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DAVID GREENE, host:

It's the beginning of a new year, a good time to start those diets we've been talking about, and a good time to check in with our food expert, Weekend Edition food essayist Bonny Wolf. She's been studying the trends we might see in the world of food in 2009, and she's with me today to talk about what she's learned. Hi, Bonny.

BONNY WOLF: Hi, David.

GREENE: So, looking at 2009, are there two or three words that might sort of capture the food scene that we're going to see?

WOLF: Well, definitely comfort and value. As you've probably noticed, we're in uncertain times. And this is the time when we crave comfort food. The cover of Gourmet Magazine this month is a plate of spaghetti and meatballs.

GREENE: Just the cure for tough economic times.

WOLF: Yeah. And people are looking for bargains, too, in restaurants and at the market. Everybody's looking for a deal.

GREENE: Well, how uncertain or rough have these times been if you're a restaurant owner?

WOLF: Well, restaurants are sort of lagging indicators, but the predictions are that we are over the era of pretension, and that what we're going to see is a lot more casual, simple kind of restaurants. And they're bringing in a lot of things to entice people to spend money. So there'll be bar menus, more fixed-price meals, more flexible hours. And one thing I've heard about is breakfast all day. This is the most comforting meal to people, and now you should be able to get it whenever you want it.

GREENE: As an omelet lover, that makes me very happy.

(Soundbite of laughter)

GREENE: So, let's say you're a home cook most of the time and you're cooking in your own kitchen. Is this rough economic time affecting you at all?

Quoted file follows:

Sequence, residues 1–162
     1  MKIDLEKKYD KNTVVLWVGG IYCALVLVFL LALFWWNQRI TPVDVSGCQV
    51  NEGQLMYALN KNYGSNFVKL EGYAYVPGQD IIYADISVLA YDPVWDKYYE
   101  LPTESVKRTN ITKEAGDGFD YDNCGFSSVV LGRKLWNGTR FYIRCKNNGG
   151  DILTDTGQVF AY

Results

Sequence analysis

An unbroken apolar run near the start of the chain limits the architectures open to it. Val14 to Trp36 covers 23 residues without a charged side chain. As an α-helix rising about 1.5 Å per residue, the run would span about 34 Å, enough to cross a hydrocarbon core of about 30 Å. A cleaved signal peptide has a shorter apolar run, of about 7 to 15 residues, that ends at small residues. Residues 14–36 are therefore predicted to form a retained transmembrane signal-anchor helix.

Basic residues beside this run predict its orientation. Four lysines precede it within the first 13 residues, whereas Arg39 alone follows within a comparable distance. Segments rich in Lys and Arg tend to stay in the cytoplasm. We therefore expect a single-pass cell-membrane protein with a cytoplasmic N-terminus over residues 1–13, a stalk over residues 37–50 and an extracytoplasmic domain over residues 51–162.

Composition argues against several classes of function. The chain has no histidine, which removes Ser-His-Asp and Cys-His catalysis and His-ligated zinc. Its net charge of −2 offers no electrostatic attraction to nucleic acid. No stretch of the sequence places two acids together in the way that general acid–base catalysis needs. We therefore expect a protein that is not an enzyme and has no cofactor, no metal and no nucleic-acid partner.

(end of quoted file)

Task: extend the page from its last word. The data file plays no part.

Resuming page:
WOLF: Well, home cooking is totally back. So it'll also mean an increase in cooking classes because people have to learn how to cook since we haven't been cooking at home for many years. And we'll have comfort food. You'll have mashed potatoes and meatloaf, and spaghetti and meatballs. But it won't exactly be like your grandma's. There'll be slightly more sophisticated twists to the, you know, artisanal cheese mixed in with your mashed potatoes. And things will be probably healthier - less butter, more vegetables.

And this also may bring back, the trend-spotters say, the family dinner, which has been a victim of two-income families and after-school activities for the last few years. And it's supposed to be very good for kids. And kitchens will be greener. People will think of the ecological concerns when they put together their kitchens.

GREENE: So if I want to make that really trendy meal and impress my friends, what foods are going to be trendy in 2009?

WOLF: Well, you should probably put out a charcuterie platter. This is...

GREENE: Sounds good.

WOLF: Yeah. Pates and cured meats is very big in restaurants and possibly at home, too. Bite-sized desserts, so you don't have to eat a whole piece of German chocolate cake. You can just have a little, tiny one that comes in a spoon. A lot of things will come in spoons. Peruvian seems to be the next ethnic food that's going to be coming in. Certainly, at least Peruvian drinks. Pisco sours are expected to be big. And noodle bars, which you see a lot of in New York, may be...

GREENE: Plenty of them.

WOLF: Yeah. And there - I know there's one opening in Washington, and I think they're - that we'll see them in other places as well.

GREENE: And noodles are great comfort food.

WOLF: Absolutely. And noodles will be in soups. They'll be in main dishes. I've heard that anything with an egg on top is going to be very trendy this year, that people are going to go back to smoking food. And bargain wines - people are going to be looking for good wines that don't cost a fortune. Cost is out, and thrift is in.

GREENE: Now that you've made us all hungry, we will say goodbye. Weekend Edition food essayist Bonny Wolf, thank you.

WOLF: Thank you, David.

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